Jun 21, 2019

The Budget Control Act of 2011 placed limits on discretionary spending for fiscal years 2012 to 2021. Currently and for most of the years covered by the legislation, separate caps have applied to spending on national defense and non-defense programs. Some discretionary spending, however, is not subject to these caps:

  • Spending designated as an emergency
  • War-related activities (called Overseas Contingency Operations, or OCO)
  • Disaster relief
  • Certain program integrity activities
  • Wildfire suppression (starting in fiscal year 2020 as the result of a recent amendment to the original legislation).

Another element of the Budget Control Act was the establishment of a joint select committee — comprised of members of the House and Senate from both parties — that was charged with coming up with additional deficit reduction by the end of 2011. The committee was unable to come to agreement, though, which triggered a reduction in the caps originally set by the Act. However, subsequent legislation raised the caps for 2014 through 2019. If no further legislation is enacted, the caps for 2020 and 2021 will be substantially below the appropriations provided for 2019.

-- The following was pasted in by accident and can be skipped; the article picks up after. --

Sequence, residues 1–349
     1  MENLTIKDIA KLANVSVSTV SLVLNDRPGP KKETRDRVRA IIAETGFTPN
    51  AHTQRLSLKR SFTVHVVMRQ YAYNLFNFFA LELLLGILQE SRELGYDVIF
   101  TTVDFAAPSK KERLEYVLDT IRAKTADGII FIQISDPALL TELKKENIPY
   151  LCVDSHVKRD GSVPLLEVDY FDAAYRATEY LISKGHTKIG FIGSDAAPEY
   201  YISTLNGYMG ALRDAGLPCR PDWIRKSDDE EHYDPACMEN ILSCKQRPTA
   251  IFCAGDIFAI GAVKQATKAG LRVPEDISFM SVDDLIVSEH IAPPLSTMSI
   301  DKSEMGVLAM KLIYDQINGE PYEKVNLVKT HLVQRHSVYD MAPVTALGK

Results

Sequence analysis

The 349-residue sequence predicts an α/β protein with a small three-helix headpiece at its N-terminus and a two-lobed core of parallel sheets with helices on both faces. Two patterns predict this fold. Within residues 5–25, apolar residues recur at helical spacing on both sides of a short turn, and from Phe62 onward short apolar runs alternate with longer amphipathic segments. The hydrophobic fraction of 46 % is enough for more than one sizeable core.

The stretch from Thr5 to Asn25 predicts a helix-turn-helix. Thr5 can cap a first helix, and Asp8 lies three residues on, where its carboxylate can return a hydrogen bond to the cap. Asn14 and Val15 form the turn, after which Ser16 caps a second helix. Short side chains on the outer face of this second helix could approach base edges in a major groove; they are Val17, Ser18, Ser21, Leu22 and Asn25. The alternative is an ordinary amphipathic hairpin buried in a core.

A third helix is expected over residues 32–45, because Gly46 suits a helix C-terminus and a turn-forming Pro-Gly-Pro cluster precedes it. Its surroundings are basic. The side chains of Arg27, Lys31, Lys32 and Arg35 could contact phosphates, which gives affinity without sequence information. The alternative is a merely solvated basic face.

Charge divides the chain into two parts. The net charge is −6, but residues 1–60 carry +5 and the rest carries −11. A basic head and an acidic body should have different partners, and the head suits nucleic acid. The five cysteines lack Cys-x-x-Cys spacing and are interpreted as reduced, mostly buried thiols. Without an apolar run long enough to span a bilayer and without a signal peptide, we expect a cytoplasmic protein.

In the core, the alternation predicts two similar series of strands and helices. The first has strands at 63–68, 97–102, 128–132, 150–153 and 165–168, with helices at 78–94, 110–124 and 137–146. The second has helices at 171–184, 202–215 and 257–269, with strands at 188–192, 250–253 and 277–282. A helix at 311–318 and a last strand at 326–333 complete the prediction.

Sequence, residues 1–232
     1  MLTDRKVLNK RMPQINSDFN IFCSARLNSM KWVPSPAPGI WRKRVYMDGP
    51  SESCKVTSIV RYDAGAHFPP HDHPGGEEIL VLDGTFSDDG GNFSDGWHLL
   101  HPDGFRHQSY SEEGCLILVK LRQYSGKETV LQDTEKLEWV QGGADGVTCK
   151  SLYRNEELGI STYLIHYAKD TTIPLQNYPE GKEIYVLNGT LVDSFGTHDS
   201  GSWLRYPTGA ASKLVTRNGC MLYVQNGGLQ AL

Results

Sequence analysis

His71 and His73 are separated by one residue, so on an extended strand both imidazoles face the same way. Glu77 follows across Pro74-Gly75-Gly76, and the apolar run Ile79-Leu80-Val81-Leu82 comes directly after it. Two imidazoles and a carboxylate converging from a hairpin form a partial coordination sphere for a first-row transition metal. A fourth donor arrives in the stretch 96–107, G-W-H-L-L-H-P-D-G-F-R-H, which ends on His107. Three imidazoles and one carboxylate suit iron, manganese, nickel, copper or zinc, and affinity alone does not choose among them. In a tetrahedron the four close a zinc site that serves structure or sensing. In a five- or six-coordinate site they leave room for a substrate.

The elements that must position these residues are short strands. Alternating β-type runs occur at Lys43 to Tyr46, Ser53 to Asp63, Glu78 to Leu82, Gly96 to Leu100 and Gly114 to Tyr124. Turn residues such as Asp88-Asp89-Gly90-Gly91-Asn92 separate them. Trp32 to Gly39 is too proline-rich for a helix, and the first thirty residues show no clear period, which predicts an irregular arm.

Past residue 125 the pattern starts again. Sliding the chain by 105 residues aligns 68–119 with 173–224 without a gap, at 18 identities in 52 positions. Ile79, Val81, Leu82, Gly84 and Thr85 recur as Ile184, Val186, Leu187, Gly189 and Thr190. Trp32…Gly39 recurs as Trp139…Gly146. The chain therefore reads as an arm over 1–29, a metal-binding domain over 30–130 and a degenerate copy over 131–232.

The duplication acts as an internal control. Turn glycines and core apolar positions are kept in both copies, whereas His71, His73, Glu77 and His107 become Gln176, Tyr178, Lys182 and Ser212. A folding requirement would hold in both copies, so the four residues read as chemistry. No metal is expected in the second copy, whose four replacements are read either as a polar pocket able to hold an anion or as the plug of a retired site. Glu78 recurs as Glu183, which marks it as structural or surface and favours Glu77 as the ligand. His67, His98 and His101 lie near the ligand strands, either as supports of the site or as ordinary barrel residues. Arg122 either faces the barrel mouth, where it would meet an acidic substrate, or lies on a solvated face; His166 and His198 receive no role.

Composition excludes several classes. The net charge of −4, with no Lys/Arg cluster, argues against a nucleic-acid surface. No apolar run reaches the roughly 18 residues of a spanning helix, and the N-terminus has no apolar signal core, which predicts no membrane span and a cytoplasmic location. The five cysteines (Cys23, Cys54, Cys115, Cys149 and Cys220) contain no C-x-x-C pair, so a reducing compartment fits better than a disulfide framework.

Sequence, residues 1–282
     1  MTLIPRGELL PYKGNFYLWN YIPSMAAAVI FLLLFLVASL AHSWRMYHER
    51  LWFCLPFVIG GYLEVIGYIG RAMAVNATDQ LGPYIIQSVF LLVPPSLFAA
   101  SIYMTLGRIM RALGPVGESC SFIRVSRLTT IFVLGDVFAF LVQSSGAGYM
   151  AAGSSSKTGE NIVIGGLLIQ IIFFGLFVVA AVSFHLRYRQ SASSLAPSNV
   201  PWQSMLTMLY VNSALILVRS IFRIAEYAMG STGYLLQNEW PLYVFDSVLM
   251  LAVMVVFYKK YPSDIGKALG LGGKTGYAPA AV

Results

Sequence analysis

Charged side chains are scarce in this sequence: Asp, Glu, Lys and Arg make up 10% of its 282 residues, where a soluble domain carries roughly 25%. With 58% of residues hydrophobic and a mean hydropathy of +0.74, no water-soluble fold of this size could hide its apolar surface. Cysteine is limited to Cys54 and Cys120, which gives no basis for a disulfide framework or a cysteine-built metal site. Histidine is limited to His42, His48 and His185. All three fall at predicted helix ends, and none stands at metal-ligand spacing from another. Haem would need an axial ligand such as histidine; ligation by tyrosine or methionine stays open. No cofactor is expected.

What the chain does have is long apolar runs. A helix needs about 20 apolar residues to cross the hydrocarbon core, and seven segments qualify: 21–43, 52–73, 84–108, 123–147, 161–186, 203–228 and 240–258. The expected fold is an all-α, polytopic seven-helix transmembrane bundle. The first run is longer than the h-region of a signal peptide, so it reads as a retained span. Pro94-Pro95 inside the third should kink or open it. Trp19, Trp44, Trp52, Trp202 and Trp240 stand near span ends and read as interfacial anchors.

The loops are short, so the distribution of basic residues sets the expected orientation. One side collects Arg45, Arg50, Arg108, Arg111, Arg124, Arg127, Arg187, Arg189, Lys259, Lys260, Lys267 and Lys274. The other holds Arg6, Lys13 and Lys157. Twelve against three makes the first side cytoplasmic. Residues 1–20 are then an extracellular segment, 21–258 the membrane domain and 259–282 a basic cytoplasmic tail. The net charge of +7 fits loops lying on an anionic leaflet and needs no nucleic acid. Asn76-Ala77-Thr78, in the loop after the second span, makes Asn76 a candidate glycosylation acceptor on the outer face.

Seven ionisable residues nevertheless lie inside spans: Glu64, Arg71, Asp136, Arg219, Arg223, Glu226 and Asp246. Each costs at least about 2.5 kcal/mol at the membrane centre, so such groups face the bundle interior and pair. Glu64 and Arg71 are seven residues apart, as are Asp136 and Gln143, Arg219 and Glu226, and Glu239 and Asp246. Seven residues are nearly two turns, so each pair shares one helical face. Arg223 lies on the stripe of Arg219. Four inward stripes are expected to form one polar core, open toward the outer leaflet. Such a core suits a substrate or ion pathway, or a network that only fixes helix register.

Sequestration

Congressional Budget Office (CBO)

More about other budget terms, rules, and processes:

Ten Year Report

A decade of work addressing America's fiscal challenges to secure a healthy, growing economy.

FISCAL ISSUES ILLUSTRATED

This series of infographics helps put some of today's most pressing fiscal debates in context.